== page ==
Global Perspectives on Loss of Human Life Caused by Floods
S. Jonkman ()
Natural Hazards: Journal of the International Society for the Prevention and Mitigation of Natural Hazards, 2005, vol. 34, issue 2, 151-175
Every year floods cause enormous damage all over the world. This study investigates loss of human life statistics for different types of floods and different regions on a global scale. The OFDA/CRED Database contains data on international disasters and is maintained by the Centre for Research on the Epidemiology of Disasters in Brussels (CRED) in cooperation with United States Office for Foreign Disaster Assistance (OFDA). Information from this source on a large number of flood events, which occurred between January 1975 and June 2002, is evaluated with respect to flood location and flood type. Due to the limited availability of information on coastal flood events, the scope of this study is limited to three types of freshwater flooding: river floods, flash floods and drainage problems. First, the development of loss of life statistics over time is discussed. Second, the dataset is analysed by region, by flood type and by the combination of type and region. The study shows that flash floods result in the highest average mortality per event (the number of fatalities divided by the number of affected persons). A cross analysis by flood type and location shows that average mortality is relatively constant for the different types over various continents, while the magnitude of the impacts (numbers of killed) and affected for a certain type varies between the different continents. On a worldwide scale Asian river floods are most significant in terms of number of persons killed and affected. Finally, a comparison with figures for other types of natural disasters shows that floods are the most significant disaster type in terms of the number of persons affected. Copyright Springer 2005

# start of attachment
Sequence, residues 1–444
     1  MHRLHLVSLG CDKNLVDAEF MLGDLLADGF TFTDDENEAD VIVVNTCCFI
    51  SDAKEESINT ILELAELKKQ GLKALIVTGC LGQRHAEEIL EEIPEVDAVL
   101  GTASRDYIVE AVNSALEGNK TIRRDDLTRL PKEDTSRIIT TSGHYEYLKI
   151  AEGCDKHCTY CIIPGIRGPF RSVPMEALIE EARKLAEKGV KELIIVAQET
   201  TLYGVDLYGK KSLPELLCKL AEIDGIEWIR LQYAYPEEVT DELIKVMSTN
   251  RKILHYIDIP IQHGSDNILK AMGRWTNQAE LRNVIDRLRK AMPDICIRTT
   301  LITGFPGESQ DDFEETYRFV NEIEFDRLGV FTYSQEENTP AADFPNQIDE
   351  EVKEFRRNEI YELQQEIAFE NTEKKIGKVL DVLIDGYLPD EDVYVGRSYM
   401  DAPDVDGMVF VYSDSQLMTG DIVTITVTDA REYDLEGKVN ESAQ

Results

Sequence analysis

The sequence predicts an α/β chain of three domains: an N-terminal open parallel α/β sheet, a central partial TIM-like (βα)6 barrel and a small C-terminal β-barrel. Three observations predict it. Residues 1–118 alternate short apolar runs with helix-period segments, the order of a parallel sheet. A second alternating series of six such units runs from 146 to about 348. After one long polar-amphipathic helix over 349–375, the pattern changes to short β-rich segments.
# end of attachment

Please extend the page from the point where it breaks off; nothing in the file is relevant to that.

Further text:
Keywords: flood mortality; loss of life; floods; flood damage; natural disasters (search for similar items in EconPapers)
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